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Welcome to the Giving Thought Podcast, a bi-weekly exploration of trends in global philanthropy and civil society from the Charities Aid Foundation’s in-house think-tank, Giving Thought.

In each episode your host Rhodri Davies (formerly with co-host Adam Pickering) explores a big issue, theme or trend and analyses what it means for philanthropy and civil society around the world.

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Mar 17, 2020

In episode 68 we talk to Danny Sriskandarajah, Chief Executive of Oxfam GB about philanthropy, inequality and power in global civil society. Including:


Philanthropy & Inequality

  • What is the core role of philanthropy within society which differentiates it from either state or market provision?
  • What should we make of arguments that philanthropy is a distraction from the need to focus on ensuring that the world’s elites are taxed appropriately, and may therefore be holding back efforts to address global inequality?
  • Is there a danger that models of philanthropy are paternalistic, and too often about decisions being made about communities rather than by them?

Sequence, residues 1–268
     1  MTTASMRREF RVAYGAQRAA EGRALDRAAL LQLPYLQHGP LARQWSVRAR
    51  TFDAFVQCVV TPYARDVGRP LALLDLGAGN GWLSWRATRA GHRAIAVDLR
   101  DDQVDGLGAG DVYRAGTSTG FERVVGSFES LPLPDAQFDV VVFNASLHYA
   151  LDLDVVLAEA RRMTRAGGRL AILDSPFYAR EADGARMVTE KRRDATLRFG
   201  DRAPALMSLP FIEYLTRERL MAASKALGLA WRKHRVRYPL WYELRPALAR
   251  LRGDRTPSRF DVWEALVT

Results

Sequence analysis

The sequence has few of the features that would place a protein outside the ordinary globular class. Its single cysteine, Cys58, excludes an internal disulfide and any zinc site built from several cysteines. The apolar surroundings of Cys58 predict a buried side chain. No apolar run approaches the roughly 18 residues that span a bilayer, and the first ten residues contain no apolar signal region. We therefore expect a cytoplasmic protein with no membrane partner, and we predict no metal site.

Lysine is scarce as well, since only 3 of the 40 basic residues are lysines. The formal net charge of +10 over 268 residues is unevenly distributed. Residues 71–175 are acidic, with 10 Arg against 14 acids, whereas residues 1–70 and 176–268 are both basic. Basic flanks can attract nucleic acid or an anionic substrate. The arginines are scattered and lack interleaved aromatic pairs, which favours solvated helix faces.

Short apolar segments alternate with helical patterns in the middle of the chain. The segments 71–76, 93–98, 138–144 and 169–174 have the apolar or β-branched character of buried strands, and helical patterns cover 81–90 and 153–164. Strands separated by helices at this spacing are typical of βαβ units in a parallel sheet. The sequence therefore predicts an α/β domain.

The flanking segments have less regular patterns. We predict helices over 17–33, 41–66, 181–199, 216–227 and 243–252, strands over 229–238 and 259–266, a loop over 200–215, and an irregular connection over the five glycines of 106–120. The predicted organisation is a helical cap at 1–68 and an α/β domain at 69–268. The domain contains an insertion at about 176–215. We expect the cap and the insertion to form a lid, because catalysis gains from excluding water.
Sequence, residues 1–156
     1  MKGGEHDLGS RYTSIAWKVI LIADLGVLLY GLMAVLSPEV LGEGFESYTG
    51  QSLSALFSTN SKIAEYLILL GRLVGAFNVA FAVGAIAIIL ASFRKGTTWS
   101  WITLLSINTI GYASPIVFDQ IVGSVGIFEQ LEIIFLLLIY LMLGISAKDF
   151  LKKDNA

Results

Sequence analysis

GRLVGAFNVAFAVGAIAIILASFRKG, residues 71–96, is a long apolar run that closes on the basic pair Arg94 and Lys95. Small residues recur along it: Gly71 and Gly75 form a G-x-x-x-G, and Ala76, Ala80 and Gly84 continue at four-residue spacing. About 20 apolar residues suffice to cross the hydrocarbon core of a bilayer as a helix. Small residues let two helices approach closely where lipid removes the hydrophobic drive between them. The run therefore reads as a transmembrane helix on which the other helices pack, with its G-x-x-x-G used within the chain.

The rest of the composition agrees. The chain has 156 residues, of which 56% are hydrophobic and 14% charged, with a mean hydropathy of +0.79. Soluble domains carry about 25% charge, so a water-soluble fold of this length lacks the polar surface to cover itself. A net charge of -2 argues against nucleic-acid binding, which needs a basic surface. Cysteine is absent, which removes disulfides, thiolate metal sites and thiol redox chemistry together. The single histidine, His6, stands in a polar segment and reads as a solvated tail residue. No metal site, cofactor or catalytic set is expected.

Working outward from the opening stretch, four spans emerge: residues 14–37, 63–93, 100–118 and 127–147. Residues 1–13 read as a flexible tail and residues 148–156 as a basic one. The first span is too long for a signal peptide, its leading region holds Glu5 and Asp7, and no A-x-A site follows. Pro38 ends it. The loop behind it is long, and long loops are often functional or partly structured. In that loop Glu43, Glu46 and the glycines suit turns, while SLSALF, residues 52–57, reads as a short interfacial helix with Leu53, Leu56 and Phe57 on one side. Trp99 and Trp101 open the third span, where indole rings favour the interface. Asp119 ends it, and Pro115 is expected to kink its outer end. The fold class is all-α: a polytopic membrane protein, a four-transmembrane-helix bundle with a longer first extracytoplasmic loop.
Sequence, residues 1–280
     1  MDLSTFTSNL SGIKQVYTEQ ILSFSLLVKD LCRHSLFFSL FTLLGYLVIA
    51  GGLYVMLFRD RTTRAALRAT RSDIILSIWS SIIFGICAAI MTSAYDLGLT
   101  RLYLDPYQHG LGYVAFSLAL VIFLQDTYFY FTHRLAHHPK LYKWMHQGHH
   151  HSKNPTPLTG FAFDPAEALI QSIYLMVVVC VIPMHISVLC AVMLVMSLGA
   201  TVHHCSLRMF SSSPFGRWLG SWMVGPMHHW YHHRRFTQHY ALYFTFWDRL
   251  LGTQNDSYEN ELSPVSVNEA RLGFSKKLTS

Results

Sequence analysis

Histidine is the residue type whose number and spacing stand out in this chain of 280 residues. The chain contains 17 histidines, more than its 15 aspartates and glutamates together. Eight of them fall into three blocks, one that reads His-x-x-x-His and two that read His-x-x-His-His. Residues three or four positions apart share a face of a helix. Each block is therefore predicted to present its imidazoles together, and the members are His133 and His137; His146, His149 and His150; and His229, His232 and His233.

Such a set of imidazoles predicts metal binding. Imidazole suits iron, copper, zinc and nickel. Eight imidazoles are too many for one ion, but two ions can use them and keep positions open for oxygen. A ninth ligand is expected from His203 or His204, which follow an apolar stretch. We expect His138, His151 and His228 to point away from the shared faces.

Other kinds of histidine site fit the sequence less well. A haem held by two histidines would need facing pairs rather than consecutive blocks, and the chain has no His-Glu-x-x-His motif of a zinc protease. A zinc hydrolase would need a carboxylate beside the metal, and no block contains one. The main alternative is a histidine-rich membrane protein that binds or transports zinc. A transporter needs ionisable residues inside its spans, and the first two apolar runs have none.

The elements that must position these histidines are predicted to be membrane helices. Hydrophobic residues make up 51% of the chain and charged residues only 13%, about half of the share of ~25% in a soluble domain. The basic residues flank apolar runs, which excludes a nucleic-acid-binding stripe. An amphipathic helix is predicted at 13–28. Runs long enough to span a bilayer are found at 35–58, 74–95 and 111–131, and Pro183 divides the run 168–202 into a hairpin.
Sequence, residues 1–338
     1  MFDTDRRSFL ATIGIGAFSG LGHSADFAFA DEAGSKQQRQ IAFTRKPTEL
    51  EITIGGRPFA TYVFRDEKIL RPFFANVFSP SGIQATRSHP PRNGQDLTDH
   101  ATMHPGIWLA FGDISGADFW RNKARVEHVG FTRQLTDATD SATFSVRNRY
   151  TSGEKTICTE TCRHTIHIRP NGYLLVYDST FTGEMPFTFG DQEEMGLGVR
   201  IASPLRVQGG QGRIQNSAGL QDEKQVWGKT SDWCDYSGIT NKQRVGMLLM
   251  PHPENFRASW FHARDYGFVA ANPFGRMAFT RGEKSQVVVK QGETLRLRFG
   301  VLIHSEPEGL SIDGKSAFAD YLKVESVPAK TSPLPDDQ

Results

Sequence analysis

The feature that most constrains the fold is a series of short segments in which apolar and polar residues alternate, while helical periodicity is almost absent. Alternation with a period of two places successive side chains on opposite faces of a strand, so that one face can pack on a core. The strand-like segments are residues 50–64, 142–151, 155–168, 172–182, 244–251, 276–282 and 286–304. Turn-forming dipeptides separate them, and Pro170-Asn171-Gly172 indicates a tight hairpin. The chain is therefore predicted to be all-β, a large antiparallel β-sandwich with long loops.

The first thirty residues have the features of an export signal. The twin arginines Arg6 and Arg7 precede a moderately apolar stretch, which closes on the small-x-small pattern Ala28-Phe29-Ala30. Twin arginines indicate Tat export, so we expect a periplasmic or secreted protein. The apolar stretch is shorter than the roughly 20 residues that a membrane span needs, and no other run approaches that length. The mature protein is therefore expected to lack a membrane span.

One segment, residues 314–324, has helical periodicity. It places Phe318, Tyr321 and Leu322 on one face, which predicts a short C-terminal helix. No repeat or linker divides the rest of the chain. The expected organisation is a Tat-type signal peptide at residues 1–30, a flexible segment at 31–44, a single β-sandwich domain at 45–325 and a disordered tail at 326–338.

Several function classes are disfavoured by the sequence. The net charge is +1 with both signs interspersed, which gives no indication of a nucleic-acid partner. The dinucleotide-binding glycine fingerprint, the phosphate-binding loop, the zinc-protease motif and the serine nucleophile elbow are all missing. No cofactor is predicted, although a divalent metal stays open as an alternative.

• Are some philanthropist willing to challenge & seek change to the systems that made them wealthy in the first place?


Power & Structure

  • There is a lot of focus in global philanthropy and civil society at the moment on “shifting power” ─ from funders to recipients, from the global north to the global south etc. –  by supporting grassroots orgs or using participatory approaches. How is this informing Oxfam’s work?
  • Are there practical challenges when it comes to shifting power? E.g. in the relationship between formal organisations and movements, and the dangers of “movement capture”?
  • We are seeing more focus on the idea of decentralised or non-hierarchical governance models for social change movements - do you think this will filter into wider civil society? What opportunities and challenges might this bring?
  • Is declining trust is an issue for civil society? If so, is this merely part of a wider decline in trust in traditional institutions, or do charities and CSOs face particular challenges? And how can they reverse this trend?


The Climate Emergency

  • Does Oxfam view the global climate emergency as primarily an environmental issue or a social justice issue? What bearing, if any, does that have on the approach you take to addressing it?
  • Is there sometimes a tension between taking the action necessary to address environmental challenges (climate change, biodiversity loss etc.) and respecting the rights and freedoms of local communities around the world? How does a major funder like Oxfam navigate that tension?



  • Do you generally take an optimistic or pessimistic view of the impact of technology on civil society?
  • Do you worry that CSOs and funders are not getting to grips with either the challenges or opportunities of the fourth industrial revolution?



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